Most medical centers routinely perform or require that breast tissue be sent to pathology for histologic examination. The authors of the article (referenced below) question whether this is useful when the breast tissue excised comes from an adolescent male with gynecomastia considering the benign nature of the condition.
Furthermore, the authors point out male breast cancer is rare and when it does occur it is most often in older males, not adolescent males:
In 2009, there were an estimated 1,910 new cases and 440 deaths related to male breast cancer, accounting for just 0.25% and 0.15% of all new cases of cancer and cancer deaths for males in the entire United States, respectively, with historical cohorts demonstrating that the peak incidence of male breast cancer occurs at approximately 71 years of age. More significantly, breast cancer becomes increasingly uncommon among younger age groups.
To look at the issue, the authors did a retrospective chart review of their patients younger than 21 years of age who had undergone subcutaneous mastectomy for gynecomastia between 1999 and 2010. A review of the literature was done, as was an informal survey of major children’s hospitals regarding their practice of histologic examination for adolescent gynecomastia. Read more »
*This blog post was originally published at Suture for a Living*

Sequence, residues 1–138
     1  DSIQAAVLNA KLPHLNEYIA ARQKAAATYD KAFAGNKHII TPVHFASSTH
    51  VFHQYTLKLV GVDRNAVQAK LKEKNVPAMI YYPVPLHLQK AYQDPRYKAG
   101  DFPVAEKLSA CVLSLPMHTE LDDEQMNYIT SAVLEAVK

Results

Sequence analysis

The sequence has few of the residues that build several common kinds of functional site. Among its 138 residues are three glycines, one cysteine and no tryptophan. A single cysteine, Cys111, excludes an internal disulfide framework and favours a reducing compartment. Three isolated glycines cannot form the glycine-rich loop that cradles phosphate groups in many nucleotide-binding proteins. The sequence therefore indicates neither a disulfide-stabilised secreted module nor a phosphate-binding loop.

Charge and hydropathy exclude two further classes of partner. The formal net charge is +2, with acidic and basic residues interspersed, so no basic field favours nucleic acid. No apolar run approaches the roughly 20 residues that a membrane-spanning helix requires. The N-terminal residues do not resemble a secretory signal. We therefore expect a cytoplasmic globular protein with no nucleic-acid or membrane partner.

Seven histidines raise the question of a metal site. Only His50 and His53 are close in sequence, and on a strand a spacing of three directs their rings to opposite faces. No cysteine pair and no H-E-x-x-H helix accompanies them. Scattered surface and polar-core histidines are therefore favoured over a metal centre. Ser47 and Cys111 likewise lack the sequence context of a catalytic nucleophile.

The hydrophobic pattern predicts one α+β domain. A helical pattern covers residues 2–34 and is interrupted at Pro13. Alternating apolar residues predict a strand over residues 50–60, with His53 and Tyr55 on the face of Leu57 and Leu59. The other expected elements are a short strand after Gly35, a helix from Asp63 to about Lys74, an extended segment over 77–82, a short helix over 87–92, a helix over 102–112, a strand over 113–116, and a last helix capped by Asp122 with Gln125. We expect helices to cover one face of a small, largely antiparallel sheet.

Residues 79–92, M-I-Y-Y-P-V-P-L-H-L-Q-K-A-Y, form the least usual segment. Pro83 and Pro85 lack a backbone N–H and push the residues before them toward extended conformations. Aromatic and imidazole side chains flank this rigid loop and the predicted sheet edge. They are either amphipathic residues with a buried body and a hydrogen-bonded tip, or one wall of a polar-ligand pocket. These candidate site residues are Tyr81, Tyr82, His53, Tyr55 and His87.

My primary care physician has a cash-only medical practice, and he is paid by the hour for whatever he does – be it a phone call, email, office visit, house call, or outpatient surgical procedure. He doesn’t charge higher prices for procedure complexity – that’s factored into the time it takes to complete the procedure. It’s a wonderful model for those of us who’ve chosen high deductible health insurance plans, and pay cash for primary care services. My husband and I save thousands of dollars/year with our plan, and spend a few hundred of that savings to cover our primary care needs. We also have our family physician available to us 24-7 via phone/email, and can generally see him for an in-person visit within hours of a request for one.
Yesterday was a perfect example of the incredible convenience of this model of care – I called Dr. Dappen at 10:30am and asked if we could come in to have a sebaceous cyst removed from my husband’s back. Dr. Dappen said he’d be happy to see us at 11:30am that day, so we hopped in a car and were finished with the procedure by 12:00. I even had fun taking photos for the blog (see below)…
Cost of the procedure: (surgery plus supplies): $150
Days spent waiting for an appointment: 0
Time spent in a waiting room: 0 minutes
Convenience of having a cash-only family physician: priceless
*For more information, check out: Doctokr Family Medicine, Vienna, Virginia*
Pearly appearance of small sebaceous cyst
Excision of sebaceous cyst
Wound closure with simple sutures